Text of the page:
Commerce media – What is it & how is it different from retail media?

According to McKinsey, commerce media is using transaction data to gain audience insights to make advertising more effective by improving targeting, deliver relevant shopper/consumer experiences and connect impressions to sale, both online and in ‘physical’ stores.

It is about leveraging large-scale purchase and intent data to draw insights that add value to consumer experiences

Sounds vague and confusing? Read on.

Commerce media covers all possible uses of retail data

Commerce media includes the use of insights generated by (online & otherwise) retail data in the online & on-site retail universe. This covers not only the retailer or the brands sold by the retailer, but also third party service providers who want to increase their ROI on marketing spend. They do this by targeting shoppers in a way that they previously could not do before.

Amazon was an early pioneer in this space and now other retailers are catching up fast.

However, supermarkets and other retailers are fast developing retail media networks of their own (Source: McKinsey).

Commerce media also gives retailers in low margin industries (like grocery & FMCG retail) the opportunity to increase margins by selling these insights along with online/on-site advertising space. We all know that consumers already want personalized experiences and only relevant ads. By leveraging retail media, companies will soon be able to deliver targeted ads and experiences through which shoppers can buy within the context of a TV show or the Metaverse.

Insights generated by retail media networks can help companies deliver the targeted experience that consumers want. This in turn will result in higher ROIs that companies currently generate on their ad spend. Why?

Linking ad-impressions with customers and their purchases at a SKU level

According to McKinsey, it is the the ability to match unique customer IDs and ad impressions to stock-keeping-unit (SKU) sales which is disrupting the entire advertising ecosystem. 

This is evidenced by data on effectiveness as collected by McKinsey below.

Salesbeat has also released a recent podcast on this topic and an interview of the Commercial director of a retail media start-up, here


Other commerce media

While McKinsey, BCG, Accenture and Bain have all written extensively about how retail data can be leveraged for advertisements and marketing, a relatively less explored territory is using this data to optimise promotions and availability in stores.

To learn more about how this can be done, email me on veena@salesbeat.co.

An Innocent mistake

In 2019, Innocent Drinks, known for their tongue in cheek ads, made a mistake with one of their campaigns.

Thanks to a team that thinks quickly on their feet, they were able to turn this around to their advantage. In fact, they make deprecating references to this ad once in a while, which reminds people that the team is human too and make mistakes.

So what happened?

The brand doesn’t play by the regular rulebook with their quirky, often irreverent & original tone of voice.

In October 2019, to launch their dairy free nut drinks range, the team released a tweet which included a ‘seasonal’ addition – Conker milk. For those who are wondering what conkers are, they are fruits of the horse chestnut tree – not edible and poisonous.

Innocent drinks posted the below tweet, without realising that people may actually try eating/’milking’ conkers.

The backlash was swift, as many people assumed this was a real product.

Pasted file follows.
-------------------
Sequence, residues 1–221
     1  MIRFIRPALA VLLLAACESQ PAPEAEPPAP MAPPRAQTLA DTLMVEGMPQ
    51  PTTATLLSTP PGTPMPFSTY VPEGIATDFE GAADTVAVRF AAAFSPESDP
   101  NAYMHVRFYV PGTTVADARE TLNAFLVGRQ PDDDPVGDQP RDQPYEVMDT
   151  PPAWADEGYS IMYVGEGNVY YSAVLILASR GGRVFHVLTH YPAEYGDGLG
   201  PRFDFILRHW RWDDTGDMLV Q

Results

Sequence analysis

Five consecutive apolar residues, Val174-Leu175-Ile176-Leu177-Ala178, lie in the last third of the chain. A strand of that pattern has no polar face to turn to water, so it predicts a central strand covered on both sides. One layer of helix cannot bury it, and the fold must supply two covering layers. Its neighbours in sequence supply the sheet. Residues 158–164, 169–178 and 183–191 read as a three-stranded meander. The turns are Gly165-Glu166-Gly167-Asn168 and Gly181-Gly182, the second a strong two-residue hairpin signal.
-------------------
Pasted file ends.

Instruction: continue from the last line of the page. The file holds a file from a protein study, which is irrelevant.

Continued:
The reaction

In fact there were announcements and posts about how conkers are poisonous and harmful if eaten.

The team quickly released an apology, deleted the tweet and proceeded to release a series of tweets about their gaffe.

While apologetic, the brand was self deprecating and chose to make fun of themselves instead.

They used this opportunity to reply to twitter users who posted about the ad.

They even referenced other (edible) brands in their tweets, which interestingly resulted in a spike in demand for those brands.

The results

While the campaign started off on an ominous note, the team’s swift and humorous reaction meant that awareness of the increased and brand loyalty was sealed.

The brand also came across as more ‘human’ to everyone. In fact, this ‘human’ element was so good for brand perception and awareness that they still about this gaffe once in a while as you can see below.

See consumers in their full life*

*Paraphrased from a recent report by Accenture, we look at the ways shoppers and consumers have changed in just a few years and how companies and retailers can remain relevant for them.

Consumer and shopper habits remained the same or similar for decades previously. They changed only when there was a major disruption in the market that warranted it or when consumption power moved from one generation to another. This was usually a once in a lifetime occurrence.

A few lifetimes in one

These days, we pack the experiences of a few different lifetimes into one. We wrote about this previously.

According to the article by Accenture, ‘The world today is radically different from the world of two years ago … or even two months ago. A non-stop barrage of external life forces—health, economic, social, environmental, political and beyond—is affecting day-to-day decisions in unavoidable ways.’

We, at salesBeat, argue, this has been the case for a few years now. Ever since social media came into being. Social media has proved to be the both the delight and bane of a brand’s existence. In the initial days of social media, brands were excited by the potential for them to target consumer and shopper groups.

Social media influencing sales & consumer behaviour

While the articles by Accenture, Forbes and by McKinsey, don’t specifically call this out, social media has been influencing what consumers buy and when for sometime now. This has been making it difficult for both brands and retailers to anticipate demand and stocking requirements.